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From Tim Ellison <t.p.elli...@gmail.com>
Subject Re: [general] Reduced footprint class library
Date Thu, 18 Sep 2008 13:43:18 GMT
Alex Blewitt wrote:
> Converters are needed as an on demand basis - is there any reason the
> dynamic loading of a charset could be augmented with the ability to
> download additional converters if not found locally?

Now y'a getting fancy <g> but "yes" it is possible.  In fact, you could
generalize that to arbitrary areas of functionality.

> This might not make sense for non-connected devices but for desktops
> could allow a minimal set to be distributed and then others to be
> acquired on demand.

"Put floppy in drive A:"

> Sent from my (new) iPhone

Sent from my (old) laptop

Tim - with apologies for being flippant :-)

> On 18 Sep 2008, at 14:10, Tim Ellison <t.p.ellison@gmail.com> wrote:
>> In another thread [1], Chris wrote:
>>> Hi Tim,
>>>>> Sounds good to me.  Let's see if anyone else is interested.
>>> Should we start a separate thread with a more obvious title?
>> Done, tweak the subject as you see fit.
>>>>> You spurred me into committing the patch I was sat on to reduce the
>>>>> footprint of the NIO character converters, by making the native
>>>>> implementations optional.  You can now delete the 1.5Mb hyniochar
>>>>> library and we'll fall back to doing the conversions in Java code.
>>>>> I'm sure there are more examples like this where we can have the
>>>>> best of
>>>>> both worlds for 'big' server and 'small' embedded sets of libraries.
>>> In fact JavaME CDC/FP doesn't include java.nio, with the result that I
>>> regularly have to patch code that is using java.nio just to do simple
>>> byte<->char conversions.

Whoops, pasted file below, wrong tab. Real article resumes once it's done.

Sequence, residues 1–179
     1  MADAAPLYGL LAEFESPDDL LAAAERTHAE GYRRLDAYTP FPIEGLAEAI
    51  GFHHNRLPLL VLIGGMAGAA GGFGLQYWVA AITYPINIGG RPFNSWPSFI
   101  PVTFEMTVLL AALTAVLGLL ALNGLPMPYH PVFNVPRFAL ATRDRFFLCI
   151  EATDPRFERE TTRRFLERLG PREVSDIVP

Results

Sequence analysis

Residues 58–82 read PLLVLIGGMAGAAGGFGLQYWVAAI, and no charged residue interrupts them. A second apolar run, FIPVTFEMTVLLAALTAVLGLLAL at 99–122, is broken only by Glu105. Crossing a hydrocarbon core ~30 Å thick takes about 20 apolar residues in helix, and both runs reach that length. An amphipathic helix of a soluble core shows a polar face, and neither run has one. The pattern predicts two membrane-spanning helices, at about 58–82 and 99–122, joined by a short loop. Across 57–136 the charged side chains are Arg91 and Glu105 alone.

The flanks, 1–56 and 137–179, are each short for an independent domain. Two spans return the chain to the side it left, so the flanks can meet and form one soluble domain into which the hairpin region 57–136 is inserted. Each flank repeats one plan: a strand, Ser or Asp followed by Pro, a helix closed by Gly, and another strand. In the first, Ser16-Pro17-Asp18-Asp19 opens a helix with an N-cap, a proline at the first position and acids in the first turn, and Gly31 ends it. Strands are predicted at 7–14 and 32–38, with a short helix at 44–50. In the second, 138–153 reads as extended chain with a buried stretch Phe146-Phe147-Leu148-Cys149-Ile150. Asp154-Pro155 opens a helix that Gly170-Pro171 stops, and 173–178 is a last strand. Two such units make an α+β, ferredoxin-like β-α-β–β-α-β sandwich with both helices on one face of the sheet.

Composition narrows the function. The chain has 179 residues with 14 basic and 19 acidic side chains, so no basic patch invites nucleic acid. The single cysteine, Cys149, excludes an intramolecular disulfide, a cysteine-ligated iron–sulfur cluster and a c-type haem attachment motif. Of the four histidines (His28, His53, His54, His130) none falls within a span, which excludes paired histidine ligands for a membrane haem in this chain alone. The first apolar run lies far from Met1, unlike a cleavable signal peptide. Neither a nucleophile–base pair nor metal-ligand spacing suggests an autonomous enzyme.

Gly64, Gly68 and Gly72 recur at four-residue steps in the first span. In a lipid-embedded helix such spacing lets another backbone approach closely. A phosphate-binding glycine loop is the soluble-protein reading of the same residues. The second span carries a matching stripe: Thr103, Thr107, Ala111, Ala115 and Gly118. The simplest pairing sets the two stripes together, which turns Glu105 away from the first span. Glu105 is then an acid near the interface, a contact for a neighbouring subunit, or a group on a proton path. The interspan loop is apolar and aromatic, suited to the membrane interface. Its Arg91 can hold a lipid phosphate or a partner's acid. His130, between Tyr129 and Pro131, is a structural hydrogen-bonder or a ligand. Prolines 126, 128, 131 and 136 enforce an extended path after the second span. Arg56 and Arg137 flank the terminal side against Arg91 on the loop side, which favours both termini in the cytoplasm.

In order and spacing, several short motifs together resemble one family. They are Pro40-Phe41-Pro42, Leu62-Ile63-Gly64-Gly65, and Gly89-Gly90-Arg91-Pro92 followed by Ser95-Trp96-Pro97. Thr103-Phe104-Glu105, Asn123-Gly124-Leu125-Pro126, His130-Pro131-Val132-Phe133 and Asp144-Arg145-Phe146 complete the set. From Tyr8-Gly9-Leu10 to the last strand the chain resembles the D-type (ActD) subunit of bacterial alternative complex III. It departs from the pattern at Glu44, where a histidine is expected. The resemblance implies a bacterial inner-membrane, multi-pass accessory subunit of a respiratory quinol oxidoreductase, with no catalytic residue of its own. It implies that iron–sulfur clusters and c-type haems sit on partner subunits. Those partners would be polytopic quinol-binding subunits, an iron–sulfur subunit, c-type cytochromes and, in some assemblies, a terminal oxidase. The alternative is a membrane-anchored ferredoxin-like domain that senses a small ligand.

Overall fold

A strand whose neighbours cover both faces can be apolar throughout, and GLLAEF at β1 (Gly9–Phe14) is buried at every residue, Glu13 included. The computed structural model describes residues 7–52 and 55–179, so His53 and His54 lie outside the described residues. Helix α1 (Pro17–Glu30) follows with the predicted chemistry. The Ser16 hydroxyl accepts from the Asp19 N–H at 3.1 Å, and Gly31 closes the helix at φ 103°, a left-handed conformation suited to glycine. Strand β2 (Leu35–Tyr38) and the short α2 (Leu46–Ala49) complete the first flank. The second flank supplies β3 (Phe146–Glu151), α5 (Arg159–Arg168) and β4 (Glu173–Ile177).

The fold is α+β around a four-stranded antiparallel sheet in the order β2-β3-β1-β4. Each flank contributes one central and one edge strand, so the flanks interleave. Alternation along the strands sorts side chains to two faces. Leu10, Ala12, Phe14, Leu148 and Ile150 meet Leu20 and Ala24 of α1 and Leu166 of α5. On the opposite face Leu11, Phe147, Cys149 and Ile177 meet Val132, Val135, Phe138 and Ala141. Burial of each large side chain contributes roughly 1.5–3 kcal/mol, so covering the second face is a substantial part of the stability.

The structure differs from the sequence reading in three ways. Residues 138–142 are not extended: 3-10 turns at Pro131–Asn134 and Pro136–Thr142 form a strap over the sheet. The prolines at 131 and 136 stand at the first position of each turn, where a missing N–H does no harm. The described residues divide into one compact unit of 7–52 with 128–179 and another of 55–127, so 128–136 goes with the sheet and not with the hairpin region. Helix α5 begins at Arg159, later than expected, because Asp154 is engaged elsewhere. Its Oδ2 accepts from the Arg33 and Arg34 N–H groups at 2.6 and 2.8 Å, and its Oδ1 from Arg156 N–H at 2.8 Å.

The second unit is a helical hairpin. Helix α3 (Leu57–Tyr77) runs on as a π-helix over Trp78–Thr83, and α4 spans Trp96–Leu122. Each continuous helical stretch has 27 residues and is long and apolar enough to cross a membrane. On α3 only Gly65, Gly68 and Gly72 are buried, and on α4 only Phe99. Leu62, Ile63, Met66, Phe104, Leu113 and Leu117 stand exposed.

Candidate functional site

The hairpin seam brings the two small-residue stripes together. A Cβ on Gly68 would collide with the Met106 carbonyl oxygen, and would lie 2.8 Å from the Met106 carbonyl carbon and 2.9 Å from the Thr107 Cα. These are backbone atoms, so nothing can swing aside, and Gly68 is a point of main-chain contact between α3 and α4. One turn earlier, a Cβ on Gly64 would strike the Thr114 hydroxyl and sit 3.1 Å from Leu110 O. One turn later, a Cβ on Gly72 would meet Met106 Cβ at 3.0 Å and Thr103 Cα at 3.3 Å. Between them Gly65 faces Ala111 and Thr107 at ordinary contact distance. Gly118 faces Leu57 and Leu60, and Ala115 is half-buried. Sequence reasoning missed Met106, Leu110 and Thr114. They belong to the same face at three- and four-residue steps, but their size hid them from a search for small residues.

>> True, as you are adhering to the ME specs.  But if you are prepared to
>> branch out and define an alternative reduced footprint library profile
>> you might also choose to include NIO functionality, and 1.5 syntax
>> support, etc.
>> You may have some insights based on the "Mika class libraries with
>> packages taken from Harmony" use cases you have already seen.
>>> But in other respects this is a good example - for a
>>> large class of applications (those which make only incidental use of
>>> char
>>> conversion) the java-only library is perfectly adequate and saves 1.5 MB
>>> (handy if your platform only has 8 MB of ROM!).
>> Exactly.  Indeed, there are a number of charconv classes that we might
>> decide are not of sufficient general interest to include in the small
>> footprint definition.
>> Today, the SE char converters are split into 'regular' and 'additional'
>> packages.  I'm not convinced about how much thought went into that
>> classification, but by packaging them separately we could easily reduce
>> the set to a core of converters, with the option to download and add in
>> more as you need them.
>>> Another area I would like to look at is Locale - last time I looked
>>> Harmony's
>>> Calendar  was relying on a 6 MB library to handle Locale-related
>>> stuff, it
>>> could be interesting to have a lightweight alternative.
>> Yes.  I think we can do better with the set we have got, plus like the
>> converters, we could have a reduced core set for those apps that don't
>> deal with esoteric Locales.
>> In such cases, I would first like to try and define a solution that
>> starts small and grows to full SE, rather than define a separate code
>> stream approach.
>> [1] http://markmail.org/message/x3ydeos244pqpcws
>> Regards,
>> Tim

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